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Monday, November 30, 2020

Moment of Confession and Public Apology (MoCPA): the debate on the birth of an illegitimate child (July 22nd coup)

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It has become a major debate these days as to whether APRC supporters and sympathisers should be given permit by the government through the Office of the Inspector General of Police to celebrate what they dubbed a ‘revolution’ staged by their Godfather on a fateful Friday morning which saw the unconstitutional and undemocratic ousting of a constitutionally and democratically installed government. An unconstitutional and undemocratic ruling council with the term ‘provisional’ attached to its nomenclature was installed, giving birth to a civilian style military dictatorship that I refer to as the ‘illegitimate child’.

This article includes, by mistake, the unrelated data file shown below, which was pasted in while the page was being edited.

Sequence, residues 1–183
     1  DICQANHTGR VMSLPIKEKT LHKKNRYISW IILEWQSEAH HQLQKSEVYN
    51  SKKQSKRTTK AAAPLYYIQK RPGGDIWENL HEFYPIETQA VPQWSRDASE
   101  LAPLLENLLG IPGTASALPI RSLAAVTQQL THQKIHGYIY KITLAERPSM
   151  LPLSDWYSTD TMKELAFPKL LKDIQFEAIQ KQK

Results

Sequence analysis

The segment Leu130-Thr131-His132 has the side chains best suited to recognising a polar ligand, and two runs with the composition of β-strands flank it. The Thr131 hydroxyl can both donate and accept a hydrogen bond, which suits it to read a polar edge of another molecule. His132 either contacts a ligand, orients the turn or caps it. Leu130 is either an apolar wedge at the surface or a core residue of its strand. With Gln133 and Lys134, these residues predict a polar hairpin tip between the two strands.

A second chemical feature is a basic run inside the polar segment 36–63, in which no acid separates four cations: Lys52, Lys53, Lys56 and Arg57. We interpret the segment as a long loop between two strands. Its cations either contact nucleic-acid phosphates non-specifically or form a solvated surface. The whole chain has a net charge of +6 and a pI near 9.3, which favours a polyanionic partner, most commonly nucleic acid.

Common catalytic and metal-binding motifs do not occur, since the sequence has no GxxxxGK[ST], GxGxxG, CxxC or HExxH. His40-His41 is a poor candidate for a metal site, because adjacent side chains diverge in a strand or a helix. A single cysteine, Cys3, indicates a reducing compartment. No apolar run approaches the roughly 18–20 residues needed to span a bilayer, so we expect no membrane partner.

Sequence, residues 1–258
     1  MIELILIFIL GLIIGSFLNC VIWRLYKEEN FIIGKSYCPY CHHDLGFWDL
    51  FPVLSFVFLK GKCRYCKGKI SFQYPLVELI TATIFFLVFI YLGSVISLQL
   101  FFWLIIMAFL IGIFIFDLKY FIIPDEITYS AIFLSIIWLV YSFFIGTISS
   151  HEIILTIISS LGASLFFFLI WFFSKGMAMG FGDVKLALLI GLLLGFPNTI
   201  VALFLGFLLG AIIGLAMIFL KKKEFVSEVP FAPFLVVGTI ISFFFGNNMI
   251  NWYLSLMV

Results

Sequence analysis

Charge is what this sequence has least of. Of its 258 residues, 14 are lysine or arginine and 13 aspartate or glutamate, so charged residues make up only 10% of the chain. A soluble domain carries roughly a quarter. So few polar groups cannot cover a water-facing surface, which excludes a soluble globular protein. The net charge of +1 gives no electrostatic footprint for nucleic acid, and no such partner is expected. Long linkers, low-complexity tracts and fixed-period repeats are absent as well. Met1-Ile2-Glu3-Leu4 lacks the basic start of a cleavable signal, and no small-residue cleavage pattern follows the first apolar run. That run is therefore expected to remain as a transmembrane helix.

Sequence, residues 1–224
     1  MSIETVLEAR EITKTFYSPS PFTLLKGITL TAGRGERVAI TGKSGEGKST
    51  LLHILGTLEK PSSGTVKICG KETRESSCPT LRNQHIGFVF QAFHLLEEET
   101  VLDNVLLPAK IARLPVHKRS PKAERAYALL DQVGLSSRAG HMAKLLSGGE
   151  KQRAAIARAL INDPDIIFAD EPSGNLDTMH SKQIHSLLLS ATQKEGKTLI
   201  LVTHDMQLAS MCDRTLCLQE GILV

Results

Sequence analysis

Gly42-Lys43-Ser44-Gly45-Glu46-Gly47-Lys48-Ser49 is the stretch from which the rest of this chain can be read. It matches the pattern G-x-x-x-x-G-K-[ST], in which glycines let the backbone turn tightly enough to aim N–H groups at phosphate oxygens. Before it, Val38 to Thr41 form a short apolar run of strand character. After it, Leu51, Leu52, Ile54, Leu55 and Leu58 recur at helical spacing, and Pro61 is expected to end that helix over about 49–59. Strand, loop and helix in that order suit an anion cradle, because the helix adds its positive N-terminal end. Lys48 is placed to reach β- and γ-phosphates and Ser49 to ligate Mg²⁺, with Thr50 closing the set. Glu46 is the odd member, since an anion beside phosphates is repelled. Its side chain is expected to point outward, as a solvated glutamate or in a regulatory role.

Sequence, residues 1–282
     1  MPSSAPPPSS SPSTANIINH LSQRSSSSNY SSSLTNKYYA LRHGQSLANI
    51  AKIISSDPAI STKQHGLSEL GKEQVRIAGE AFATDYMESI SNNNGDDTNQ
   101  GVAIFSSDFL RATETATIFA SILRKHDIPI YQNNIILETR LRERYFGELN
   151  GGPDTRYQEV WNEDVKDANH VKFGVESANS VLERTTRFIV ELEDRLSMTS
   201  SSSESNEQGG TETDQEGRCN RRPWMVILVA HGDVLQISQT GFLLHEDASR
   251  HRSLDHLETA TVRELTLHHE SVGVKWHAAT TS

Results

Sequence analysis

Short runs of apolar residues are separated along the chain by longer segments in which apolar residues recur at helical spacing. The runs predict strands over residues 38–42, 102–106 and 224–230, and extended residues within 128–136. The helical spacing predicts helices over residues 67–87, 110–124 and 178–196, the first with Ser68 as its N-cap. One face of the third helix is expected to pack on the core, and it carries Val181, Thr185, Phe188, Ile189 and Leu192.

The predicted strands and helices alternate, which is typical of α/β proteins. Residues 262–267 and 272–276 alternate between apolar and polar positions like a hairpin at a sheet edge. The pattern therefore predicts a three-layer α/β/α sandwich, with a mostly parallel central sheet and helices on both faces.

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Today, many Gambians, specifically those that witnessed this day and welcomed and supported the coup, have themselves to be blamed for they had legalised or moralised what is illegal and immoral to democracy. Many went out that fateful Friday to show solidarity to the bandits who hijacked our politics and raped our democracy in the early hours of Friday.

 

 

Again, they did not stop there but went on to vote and approved a draconian constitution called the 1997 Constitution which itself approved and endorsed the military coup as stated, ‘The sovereign people of the Gambia therefore endorsed the change of government on 22nd July 1994 to rectify such evils’. My message therefore to those that welcomed the 1994 coup by either going out to join the celebration or advocated or voted for such an evil constitution with its miserable laws is that, you all owe public apology to the Gambia.